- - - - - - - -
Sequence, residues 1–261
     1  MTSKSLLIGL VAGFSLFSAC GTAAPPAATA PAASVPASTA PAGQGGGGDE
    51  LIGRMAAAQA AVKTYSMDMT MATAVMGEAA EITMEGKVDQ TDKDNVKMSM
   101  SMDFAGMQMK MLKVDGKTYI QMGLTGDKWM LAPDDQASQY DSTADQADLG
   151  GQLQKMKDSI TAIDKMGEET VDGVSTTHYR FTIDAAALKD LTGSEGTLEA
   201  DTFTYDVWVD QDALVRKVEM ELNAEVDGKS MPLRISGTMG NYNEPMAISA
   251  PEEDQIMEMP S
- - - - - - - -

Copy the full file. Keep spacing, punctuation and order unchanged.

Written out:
Sequence, residues 1–261
     1  MTSKSLLIGL VAGFSLFSAC GTAAPPAATA PAASVPASTA PAGQGGGGDE
    51  LIGRMAAAQA AVKTYSMDMT MATAVMGEAA EITMEGKVDQ TDKDNVKMSM
   101  SMDFAGMQMK MLKVDGKTYI QMGLTGDKWM LAPDDQASQY DSTADQADLG
   151  GQLQKMKDSI TAIDKMGEET VDGVSTTHYR FTIDAAALKD LTGSEGTLEA
   201  DTFTYDVWVD QDALVRKVEM ELNAEVDGKS MPLRISGTMG NYNEPMAISA
   251  PEEDQIMEMP S